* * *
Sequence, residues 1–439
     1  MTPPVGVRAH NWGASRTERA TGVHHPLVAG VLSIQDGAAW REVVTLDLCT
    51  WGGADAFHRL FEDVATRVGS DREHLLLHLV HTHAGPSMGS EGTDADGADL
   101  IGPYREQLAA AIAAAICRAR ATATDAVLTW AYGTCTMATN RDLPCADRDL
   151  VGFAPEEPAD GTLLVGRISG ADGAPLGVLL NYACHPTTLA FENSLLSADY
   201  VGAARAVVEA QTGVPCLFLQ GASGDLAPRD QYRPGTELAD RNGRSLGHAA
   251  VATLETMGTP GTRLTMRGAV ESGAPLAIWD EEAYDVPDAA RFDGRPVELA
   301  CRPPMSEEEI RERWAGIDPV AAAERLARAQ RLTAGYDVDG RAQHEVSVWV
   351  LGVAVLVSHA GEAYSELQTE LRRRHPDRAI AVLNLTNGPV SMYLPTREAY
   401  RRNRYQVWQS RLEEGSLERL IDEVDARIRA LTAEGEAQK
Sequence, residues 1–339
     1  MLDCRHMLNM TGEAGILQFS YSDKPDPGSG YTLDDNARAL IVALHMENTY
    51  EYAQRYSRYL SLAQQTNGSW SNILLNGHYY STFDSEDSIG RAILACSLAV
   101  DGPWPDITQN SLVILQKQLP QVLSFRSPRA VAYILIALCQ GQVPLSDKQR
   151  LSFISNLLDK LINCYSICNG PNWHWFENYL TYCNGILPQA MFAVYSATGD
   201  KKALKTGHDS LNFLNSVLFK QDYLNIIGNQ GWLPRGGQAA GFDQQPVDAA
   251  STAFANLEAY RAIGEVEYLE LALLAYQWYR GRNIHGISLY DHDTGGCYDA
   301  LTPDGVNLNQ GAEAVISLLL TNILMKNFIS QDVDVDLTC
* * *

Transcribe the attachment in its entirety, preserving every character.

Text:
Sequence, residues 1–439
     1  MTPPVGVRAH NWGASRTERA TGVHHPLVAG VLSIQDGAAW REVVTLDLCT
    51  WGGADAFHRL FEDVATRVGS DREHLLLHLV HTHAGPSMGS EGTDADGADL
   101  IGPYREQLAA AIAAAICRAR ATATDAVLTW AYGTCTMATN RDLPCADRDL
   151  VGFAPEEPAD GTLLVGRISG ADGAPLGVLL NYACHPTTLA FENSLLSADY
   201  VGAARAVVEA QTGVPCLFLQ GASGDLAPRD QYRPGTELAD RNGRSLGHAA
   251  VATLETMGTP GTRLTMRGAV ESGAPLAIWD EEAYDVPDAA RFDGRPVELA
   301  CRPPMSEEEI RERWAGIDPV AAAERLARAQ RLTAGYDVDG RAQHEVSVWV
   351  LGVAVLVSHA GEAYSELQTE LRRRHPDRAI AVLNLTNGPV SMYLPTREAY
   401  RRNRYQVWQS RLEEGSLERL IDEVDARIRA LTAEGEAQK
Sequence, residues 1–339
     1  MLDCRHMLNM TGEAGILQFS YSDKPDPGSG YTLDDNARAL IVALHMENTY
    51  EYAQRYSRYL SLAQQTNGSW SNILLNGHYY STFDSEDSIG RAILACSLAV
   101  DGPWPDITQN SLVILQKQLP QVLSFRSPRA VAYILIALCQ GQVPLSDKQR
   151  LSFISNLLDK LINCYSICNG PNWHWFENYL TYCNGILPQA MFAVYSATGD
   201  KKALKTGHDS LNFLNSVLFK QDYLNIIGNQ GWLPRGGQAA GFDQQPVDAA
   251  STAFANLEAY RAIGEVEYLE LALLAYQWYR GRNIHGISLY DHDTGGCYDA
   301  LTPDGVNLNQ GAEAVISLLL TNILMKNFIS QDVDVDLTC